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Structure of the Data Store
Many people think of the cache as being organized as a large sequence of bytes (8 bits each). In fact, on a modern fifth-generation or later PC, the level 2 cache is organized as a set of long cache lines, each containing 32 bytes (256 bits). This means that each time the cache is written to or read from, a transfer of 32 bytes takes place; there is no way to read or write just 1 byte. This is done mainly for performance reasons. At the very least, you can't have less than 64 bits per line of cache, because the data bus on a Pentium or later PC is 64 bits wide. The data store is 256 bits wide because memory is accessed in four-read bursts, and 4 times 64 is 256.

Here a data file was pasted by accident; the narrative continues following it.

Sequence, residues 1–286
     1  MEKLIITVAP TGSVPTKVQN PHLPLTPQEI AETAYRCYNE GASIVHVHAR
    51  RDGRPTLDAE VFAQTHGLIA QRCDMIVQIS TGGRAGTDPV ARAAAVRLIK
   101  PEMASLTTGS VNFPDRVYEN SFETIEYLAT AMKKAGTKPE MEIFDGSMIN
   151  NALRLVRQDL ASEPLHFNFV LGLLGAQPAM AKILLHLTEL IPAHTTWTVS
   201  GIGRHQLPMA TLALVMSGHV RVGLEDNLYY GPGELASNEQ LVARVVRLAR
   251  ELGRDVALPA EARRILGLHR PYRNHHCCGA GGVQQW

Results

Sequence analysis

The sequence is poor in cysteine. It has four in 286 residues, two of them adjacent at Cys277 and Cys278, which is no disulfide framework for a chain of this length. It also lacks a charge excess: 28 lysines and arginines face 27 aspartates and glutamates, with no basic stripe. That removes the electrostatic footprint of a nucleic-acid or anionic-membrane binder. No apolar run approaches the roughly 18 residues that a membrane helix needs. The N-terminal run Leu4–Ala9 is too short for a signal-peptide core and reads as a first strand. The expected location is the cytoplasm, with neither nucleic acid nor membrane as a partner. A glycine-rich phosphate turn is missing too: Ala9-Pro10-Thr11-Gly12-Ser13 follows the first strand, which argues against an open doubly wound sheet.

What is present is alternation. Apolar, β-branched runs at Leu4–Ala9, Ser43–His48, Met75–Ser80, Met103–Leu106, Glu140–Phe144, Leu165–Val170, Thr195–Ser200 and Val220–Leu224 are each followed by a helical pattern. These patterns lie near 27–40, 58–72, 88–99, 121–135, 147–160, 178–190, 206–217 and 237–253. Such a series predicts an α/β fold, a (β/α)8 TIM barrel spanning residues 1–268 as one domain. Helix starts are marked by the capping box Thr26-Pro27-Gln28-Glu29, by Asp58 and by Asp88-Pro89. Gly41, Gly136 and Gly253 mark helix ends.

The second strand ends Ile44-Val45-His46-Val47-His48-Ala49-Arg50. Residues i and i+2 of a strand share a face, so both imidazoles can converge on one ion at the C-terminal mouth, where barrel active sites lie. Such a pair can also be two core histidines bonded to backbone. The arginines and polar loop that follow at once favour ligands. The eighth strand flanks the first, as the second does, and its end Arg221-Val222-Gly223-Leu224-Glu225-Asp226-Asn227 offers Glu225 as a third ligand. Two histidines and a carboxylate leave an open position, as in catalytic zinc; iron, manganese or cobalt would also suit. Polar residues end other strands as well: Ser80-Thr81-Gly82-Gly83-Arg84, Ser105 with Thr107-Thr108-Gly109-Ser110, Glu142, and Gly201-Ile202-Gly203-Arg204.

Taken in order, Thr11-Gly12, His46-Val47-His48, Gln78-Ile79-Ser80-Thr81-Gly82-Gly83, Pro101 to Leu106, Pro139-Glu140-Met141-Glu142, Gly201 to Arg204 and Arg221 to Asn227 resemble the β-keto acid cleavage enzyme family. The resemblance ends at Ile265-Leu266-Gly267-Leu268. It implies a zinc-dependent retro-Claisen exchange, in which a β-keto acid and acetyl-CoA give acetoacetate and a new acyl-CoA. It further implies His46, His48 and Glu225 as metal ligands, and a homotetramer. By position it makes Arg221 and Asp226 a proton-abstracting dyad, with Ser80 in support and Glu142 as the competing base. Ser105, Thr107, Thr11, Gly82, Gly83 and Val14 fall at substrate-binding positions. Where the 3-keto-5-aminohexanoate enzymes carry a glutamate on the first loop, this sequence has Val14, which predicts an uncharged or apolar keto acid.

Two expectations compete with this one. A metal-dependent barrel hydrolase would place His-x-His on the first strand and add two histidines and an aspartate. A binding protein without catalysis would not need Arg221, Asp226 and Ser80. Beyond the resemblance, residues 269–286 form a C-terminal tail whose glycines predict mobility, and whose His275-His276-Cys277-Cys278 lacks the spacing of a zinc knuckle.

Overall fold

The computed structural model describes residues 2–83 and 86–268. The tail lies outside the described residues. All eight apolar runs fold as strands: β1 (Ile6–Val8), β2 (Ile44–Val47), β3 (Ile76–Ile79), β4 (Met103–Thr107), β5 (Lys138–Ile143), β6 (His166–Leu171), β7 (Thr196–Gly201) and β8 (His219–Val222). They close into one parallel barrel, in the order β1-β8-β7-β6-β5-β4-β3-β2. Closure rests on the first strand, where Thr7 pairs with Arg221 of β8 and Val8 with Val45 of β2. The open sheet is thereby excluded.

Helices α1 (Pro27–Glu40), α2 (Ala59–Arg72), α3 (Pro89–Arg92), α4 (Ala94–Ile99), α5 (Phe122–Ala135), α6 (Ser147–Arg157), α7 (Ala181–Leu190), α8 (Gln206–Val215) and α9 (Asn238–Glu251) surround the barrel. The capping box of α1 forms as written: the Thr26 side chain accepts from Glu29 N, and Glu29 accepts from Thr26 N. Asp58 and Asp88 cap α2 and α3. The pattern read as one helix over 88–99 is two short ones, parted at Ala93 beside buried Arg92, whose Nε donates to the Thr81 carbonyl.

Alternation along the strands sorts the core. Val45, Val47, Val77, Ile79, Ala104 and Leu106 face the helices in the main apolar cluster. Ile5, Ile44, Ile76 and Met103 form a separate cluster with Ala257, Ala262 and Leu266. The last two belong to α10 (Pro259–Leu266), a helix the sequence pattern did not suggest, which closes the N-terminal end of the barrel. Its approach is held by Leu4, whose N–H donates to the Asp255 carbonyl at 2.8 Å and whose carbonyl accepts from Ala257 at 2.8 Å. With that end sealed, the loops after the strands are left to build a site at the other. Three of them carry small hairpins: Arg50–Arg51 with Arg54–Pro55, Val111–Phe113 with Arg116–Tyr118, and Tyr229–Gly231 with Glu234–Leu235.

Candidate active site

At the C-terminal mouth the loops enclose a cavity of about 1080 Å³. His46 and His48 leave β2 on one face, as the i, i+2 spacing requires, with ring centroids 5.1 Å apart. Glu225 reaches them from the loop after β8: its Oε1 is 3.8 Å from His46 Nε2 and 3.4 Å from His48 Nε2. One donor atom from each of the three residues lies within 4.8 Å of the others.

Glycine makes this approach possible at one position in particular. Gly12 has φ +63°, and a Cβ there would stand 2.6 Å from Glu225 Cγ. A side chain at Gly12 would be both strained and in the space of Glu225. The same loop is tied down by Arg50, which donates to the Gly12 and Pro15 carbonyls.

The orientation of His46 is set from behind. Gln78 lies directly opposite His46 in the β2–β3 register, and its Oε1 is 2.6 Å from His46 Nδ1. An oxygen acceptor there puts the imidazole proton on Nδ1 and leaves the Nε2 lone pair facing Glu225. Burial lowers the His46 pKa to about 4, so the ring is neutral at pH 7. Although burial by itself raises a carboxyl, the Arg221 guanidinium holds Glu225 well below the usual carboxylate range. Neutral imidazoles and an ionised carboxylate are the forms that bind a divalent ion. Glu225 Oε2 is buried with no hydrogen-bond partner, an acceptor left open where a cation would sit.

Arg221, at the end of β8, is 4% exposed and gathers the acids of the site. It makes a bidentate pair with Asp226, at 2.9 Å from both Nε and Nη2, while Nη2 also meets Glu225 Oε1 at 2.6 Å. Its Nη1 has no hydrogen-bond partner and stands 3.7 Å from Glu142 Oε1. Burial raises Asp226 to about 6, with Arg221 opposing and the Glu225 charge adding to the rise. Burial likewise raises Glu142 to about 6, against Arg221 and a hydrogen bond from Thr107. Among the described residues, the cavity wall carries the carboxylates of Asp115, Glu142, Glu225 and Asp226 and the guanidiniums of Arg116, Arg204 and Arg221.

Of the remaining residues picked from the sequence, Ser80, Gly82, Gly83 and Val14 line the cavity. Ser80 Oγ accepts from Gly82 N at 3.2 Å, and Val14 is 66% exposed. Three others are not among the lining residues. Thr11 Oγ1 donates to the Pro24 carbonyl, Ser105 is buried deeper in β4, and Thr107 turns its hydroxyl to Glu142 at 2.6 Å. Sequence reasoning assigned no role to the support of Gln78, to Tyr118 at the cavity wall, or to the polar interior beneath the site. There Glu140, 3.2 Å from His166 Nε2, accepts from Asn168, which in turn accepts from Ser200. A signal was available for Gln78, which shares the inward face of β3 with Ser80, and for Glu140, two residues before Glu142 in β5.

Let's take the case of a 512 KB cache (data store). If we wanted to mentally envision how this memory is structured, instead of seeing a single long column with 524,288 (512 K) individual rows, we should instead see 32 columns and 16,384 (16 K) rows. Each access to the data store is a line (row), and the cache has 16,384 different addresses.